To paraphrase Sadhguru slightly, “People want to get from point A to Z without learning what comes in between. Slow down and learn all of the steps one at a time.” There has been no fast-track to where I am. Spending billions on marketing and advertising without a good quality approach has wasted my time and money in the past. The best way for me has been one brick at a time, enjoying each step, doing my best to provide quality, and having my long-term goals present with me while being committed to what I am doing right now.

Build A Community

Last but not least, I could not have gotten to where I am now without the support of a wonderful community of interesting people I genuinely wanted to work with. This has been so important because we spend the majority of our lives at work, so while there, I want to be around diverse people with similar values. I love to be part of a supportive community of people with honesty, integrity, good work ethics, kindness, and consideration, which are holistically minded and driven to improve themselves and others’ lives.

The best workplaces for me are sharing our experiences and knowledge to help everybody on their paths. Being generous and cooperative goes a long way, and I have learned that there is plenty to go around, and it’s nicer to spend my days with happy people around me rather than surrounded by competitors. Life is too short for that. When I embraced my own wellness coaching approach, it helped me to appreciate and enjoy the diversity of what everybody else has to offer.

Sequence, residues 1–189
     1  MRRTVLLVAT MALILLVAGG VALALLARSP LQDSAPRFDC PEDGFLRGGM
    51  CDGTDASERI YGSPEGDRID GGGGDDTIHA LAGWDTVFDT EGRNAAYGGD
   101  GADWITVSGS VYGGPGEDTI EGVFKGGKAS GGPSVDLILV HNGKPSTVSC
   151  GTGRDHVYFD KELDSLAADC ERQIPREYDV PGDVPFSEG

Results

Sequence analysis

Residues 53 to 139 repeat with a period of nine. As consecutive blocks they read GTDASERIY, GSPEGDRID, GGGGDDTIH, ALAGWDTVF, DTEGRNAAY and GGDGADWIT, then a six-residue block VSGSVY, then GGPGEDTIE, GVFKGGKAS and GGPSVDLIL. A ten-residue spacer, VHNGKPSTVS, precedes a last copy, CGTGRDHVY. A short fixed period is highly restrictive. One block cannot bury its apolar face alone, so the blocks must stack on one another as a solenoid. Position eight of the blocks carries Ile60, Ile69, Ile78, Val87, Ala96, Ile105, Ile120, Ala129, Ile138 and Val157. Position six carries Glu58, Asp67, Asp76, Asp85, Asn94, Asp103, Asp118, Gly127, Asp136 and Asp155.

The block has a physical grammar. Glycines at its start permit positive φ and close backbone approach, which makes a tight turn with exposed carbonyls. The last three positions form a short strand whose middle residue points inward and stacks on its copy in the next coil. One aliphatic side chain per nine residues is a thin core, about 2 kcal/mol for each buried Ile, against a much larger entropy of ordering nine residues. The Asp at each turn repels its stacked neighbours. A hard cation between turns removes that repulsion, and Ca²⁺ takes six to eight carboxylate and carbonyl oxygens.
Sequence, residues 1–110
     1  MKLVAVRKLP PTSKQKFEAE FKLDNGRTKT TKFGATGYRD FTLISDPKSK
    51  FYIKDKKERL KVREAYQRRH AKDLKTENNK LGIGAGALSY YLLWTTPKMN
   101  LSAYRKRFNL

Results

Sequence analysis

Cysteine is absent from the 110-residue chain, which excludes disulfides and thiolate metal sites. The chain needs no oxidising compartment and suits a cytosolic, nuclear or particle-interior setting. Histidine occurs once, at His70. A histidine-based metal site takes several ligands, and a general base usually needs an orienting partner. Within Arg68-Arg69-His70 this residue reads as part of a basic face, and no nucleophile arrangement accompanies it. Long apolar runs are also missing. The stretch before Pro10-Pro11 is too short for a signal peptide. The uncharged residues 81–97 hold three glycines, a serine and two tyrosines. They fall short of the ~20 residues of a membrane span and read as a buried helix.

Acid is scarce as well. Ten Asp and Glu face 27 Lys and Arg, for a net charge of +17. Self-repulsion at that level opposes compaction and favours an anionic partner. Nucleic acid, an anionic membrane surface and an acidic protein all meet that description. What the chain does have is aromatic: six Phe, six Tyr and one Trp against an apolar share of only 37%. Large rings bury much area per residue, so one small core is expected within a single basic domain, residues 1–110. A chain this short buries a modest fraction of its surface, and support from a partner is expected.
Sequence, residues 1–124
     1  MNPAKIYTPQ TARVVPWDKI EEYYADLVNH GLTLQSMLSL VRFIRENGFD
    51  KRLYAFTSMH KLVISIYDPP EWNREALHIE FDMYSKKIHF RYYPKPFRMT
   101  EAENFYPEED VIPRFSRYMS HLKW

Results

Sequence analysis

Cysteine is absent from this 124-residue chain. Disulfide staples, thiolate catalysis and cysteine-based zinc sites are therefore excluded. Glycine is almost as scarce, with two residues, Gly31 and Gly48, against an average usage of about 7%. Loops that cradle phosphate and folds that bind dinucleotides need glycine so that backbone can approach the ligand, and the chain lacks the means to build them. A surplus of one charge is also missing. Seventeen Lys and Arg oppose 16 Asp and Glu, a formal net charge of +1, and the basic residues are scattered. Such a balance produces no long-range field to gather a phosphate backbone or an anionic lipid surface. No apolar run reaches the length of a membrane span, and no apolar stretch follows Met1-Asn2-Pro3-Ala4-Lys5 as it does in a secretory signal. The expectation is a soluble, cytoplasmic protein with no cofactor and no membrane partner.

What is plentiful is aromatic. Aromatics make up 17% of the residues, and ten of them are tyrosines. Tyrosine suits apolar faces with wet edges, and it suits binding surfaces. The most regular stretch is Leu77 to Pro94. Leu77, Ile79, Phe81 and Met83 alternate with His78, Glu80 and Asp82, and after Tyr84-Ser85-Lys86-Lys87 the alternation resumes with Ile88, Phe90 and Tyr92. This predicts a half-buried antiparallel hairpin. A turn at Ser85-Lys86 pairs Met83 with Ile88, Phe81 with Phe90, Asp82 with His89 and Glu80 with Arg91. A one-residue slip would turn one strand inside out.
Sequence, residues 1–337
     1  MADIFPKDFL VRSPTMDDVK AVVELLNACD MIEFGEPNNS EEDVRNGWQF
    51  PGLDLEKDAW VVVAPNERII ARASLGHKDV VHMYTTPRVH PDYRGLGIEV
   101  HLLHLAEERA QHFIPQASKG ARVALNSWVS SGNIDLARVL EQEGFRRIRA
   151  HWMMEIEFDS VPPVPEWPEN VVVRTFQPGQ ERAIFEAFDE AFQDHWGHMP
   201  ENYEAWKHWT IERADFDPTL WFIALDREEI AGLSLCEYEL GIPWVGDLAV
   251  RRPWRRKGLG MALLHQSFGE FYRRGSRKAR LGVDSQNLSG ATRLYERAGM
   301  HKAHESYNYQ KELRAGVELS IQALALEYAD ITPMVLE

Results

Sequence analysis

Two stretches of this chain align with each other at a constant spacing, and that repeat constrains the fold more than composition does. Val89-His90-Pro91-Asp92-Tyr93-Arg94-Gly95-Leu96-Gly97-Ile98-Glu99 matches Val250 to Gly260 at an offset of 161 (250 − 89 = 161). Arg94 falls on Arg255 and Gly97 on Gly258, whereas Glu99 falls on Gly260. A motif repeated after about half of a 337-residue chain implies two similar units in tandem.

We are all unique, and I love seeing people feeling good physically and mentally and watching their confidence and well-being improve. No path is walked alone, and we get further ahead in the world by working together. In the workplaces where that was most present, and when I immersed myself in that philosophy, I made the most progress in this sector.

Thank you for reading and all the very best of luck in your ventures!

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What I Learned Being a Physical Teacher in the Health & Wellbeing Sector